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Feds Warn Brattleboro Retreat Over Safety Issues

Brattleboro Retreat is in jeopardy of losing federal funding if it does not fix problems identified in an inspection this summer.
Toby Talbot
AP File Photo
Brattleboro Retreat is in jeopardy of losing federal funding if it does not fix problems identified in an inspection this summer.

For the second time in three years, the Brattleboro Retreat faces a potential loss in federal funding because of a failed inspection. Despite the warnings, the state’s commissioner of mental health says he’s still confident that the retreat can provide quality care.

The federal warning comes after a suicide attempt at theBrattleboroRetreat in June which, after retreat staff notified the state, prompted a site visit of the facility.

The visit resulted in a number of findings, the two most serious deal with patient safety issues that jeopardized the retreat’s standing with the Centers for Medicare and Medicaid Services.

CMS warned the retreat in a July 8 letter that its federal funding would be revoked if it didn’t have fixes in place by October 6.

The first finding had to do with an incident in which a key broke off in the lock to a patient room.

According to Kanstantin von Krusenstiern, thevice president of strategy and development at the retreat, theinspection found that “while we fixed the door, that the retreat did not have the process in place, the safety process in place making sure A, that that’s not going to happen again, or B, if it happened in a situation that was important, like there was somebody on the other side of the door that was in distress or something, that we had a process of dealing with that.”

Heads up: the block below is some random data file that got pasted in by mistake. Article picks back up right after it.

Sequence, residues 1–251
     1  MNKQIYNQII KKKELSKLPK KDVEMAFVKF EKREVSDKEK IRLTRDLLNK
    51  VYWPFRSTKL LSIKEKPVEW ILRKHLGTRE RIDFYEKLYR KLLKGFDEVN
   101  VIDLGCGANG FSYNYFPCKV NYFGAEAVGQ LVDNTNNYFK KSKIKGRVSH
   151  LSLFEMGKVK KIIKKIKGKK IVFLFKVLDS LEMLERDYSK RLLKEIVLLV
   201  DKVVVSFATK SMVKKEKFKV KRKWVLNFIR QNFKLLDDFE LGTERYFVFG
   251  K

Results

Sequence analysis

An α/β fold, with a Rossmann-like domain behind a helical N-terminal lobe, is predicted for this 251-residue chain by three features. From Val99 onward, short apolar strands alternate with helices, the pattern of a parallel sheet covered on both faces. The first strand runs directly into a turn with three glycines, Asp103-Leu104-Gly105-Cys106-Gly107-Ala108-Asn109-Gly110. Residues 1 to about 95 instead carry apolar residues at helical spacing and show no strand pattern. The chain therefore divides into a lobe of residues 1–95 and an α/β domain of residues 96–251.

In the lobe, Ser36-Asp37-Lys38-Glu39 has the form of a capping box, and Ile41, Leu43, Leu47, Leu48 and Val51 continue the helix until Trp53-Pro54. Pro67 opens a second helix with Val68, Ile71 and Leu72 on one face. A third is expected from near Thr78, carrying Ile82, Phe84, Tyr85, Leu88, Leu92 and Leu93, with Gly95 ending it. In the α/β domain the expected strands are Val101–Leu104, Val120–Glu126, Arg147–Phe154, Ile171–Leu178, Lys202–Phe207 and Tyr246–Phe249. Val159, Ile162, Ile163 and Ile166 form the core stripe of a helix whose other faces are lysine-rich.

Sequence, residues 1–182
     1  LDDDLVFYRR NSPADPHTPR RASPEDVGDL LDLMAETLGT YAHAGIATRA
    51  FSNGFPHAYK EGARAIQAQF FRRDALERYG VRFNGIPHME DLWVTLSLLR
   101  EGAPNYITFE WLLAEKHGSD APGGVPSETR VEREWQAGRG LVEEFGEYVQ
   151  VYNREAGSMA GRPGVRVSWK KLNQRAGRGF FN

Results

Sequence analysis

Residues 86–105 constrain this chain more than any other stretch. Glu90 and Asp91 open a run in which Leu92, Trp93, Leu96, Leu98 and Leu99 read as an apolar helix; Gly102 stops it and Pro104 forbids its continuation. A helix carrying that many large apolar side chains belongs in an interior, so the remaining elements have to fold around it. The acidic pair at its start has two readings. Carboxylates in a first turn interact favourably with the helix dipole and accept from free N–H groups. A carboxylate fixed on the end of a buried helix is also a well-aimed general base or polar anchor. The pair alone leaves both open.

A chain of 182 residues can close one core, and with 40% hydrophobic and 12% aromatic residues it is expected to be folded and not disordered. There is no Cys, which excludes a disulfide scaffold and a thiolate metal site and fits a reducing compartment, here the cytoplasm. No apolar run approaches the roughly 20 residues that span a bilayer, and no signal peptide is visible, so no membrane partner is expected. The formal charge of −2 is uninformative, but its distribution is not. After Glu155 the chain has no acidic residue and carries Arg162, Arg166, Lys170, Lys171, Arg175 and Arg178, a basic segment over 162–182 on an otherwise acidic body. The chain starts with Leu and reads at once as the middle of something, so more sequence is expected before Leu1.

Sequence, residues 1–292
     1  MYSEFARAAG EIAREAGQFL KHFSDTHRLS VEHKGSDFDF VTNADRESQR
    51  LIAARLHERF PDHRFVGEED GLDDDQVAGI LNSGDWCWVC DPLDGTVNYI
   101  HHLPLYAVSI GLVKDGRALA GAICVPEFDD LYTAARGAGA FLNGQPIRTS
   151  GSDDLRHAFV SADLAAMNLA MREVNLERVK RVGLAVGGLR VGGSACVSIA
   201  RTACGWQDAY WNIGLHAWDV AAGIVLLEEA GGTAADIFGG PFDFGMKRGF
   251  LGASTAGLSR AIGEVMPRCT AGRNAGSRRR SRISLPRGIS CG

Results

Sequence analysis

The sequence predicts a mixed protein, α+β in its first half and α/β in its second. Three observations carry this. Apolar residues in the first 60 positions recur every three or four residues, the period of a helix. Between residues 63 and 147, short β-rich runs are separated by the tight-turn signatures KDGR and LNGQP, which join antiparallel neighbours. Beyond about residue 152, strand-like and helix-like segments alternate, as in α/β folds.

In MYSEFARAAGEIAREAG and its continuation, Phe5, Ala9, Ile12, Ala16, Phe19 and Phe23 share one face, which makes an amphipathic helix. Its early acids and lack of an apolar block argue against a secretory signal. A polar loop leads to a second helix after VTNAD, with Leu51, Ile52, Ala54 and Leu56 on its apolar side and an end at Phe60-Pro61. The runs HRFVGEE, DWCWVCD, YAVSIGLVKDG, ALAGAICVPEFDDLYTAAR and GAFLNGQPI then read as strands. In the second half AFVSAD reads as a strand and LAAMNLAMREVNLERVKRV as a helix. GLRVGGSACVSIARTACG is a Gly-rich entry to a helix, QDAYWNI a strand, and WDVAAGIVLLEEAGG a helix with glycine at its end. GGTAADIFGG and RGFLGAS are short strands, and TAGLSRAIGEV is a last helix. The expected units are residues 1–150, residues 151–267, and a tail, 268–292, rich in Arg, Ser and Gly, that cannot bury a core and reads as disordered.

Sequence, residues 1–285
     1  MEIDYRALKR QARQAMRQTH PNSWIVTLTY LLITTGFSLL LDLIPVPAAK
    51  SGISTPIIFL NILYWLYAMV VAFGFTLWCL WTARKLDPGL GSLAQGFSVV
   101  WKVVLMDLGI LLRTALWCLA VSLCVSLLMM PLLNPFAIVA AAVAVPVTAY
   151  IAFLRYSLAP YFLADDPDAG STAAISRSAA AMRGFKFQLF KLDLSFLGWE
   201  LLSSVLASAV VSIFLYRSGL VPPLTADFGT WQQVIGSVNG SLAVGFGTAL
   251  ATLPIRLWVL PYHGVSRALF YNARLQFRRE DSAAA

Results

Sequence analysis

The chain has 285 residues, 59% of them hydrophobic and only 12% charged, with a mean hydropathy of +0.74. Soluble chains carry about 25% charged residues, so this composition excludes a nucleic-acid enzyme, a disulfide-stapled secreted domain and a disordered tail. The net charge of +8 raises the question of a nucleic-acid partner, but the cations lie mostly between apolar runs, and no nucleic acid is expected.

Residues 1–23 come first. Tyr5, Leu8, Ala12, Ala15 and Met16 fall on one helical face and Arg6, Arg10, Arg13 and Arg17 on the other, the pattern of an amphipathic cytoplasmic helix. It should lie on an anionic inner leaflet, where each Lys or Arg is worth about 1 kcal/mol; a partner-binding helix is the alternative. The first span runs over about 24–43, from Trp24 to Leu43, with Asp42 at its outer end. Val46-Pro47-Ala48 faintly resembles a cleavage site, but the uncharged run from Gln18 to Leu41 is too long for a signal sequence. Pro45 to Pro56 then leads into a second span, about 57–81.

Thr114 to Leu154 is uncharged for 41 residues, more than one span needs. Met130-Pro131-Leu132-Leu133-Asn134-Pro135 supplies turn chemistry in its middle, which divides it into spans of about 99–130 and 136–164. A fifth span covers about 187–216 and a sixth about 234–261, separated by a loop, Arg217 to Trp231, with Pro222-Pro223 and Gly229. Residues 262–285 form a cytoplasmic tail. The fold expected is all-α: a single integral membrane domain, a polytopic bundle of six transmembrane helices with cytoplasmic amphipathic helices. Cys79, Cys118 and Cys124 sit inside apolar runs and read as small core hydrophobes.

The other finding had to do with a broken light fixture in an elevator, which inspectors worried could be used by a patient to hurt themselves or others.

The retreat fixed the light fixture and came up with a plan to correct the other issues the inspection found.

Krusenstiern says CMS has accepted the retreat’s plan, and the facility will keep its federal funding as long as it passes an unannounced inspection sometime before the October 6 deadline.

As part of the state’s new treatment model, department of mental health contracts for 14 beds at the retreat for patients under state care.

Despite some reports that the retreat has been tight-lipped with lawmakers about its status, Vermont Mental Health Commissioner Paul Dupre said retreat officials have done a good job of keeping the state informed.

"The retreat has been, I would say, very forthcoming with the department," he said. "They have called us even on incidents that are not necessarily under my care."

Dupre said Brattleboro Retreat officials usually tell lawmakers directly about any issues. But even if they don't, the department of mental health gives notice to lawmakers.

And even though the retreat’s federal funding has been in jeopardy twice since 2011, Dupre says the facility is doing well in difficult situations.

"The retreat is working with folks with very complex emotional issues, and some of the things going on are things that are probably going to be – they’re going to happen in this type of facility."

Inspectors will be back at Brattleboro Retreat soon to see if the facility will be able to keep its federal funding.

Copyright 2014 Vermont Public Radio

Taylor was VPR's digital reporter from 2013 until 2017. After growing up in Vermont, he graduated with at BA in Journalism from Northeastern University in 2013.

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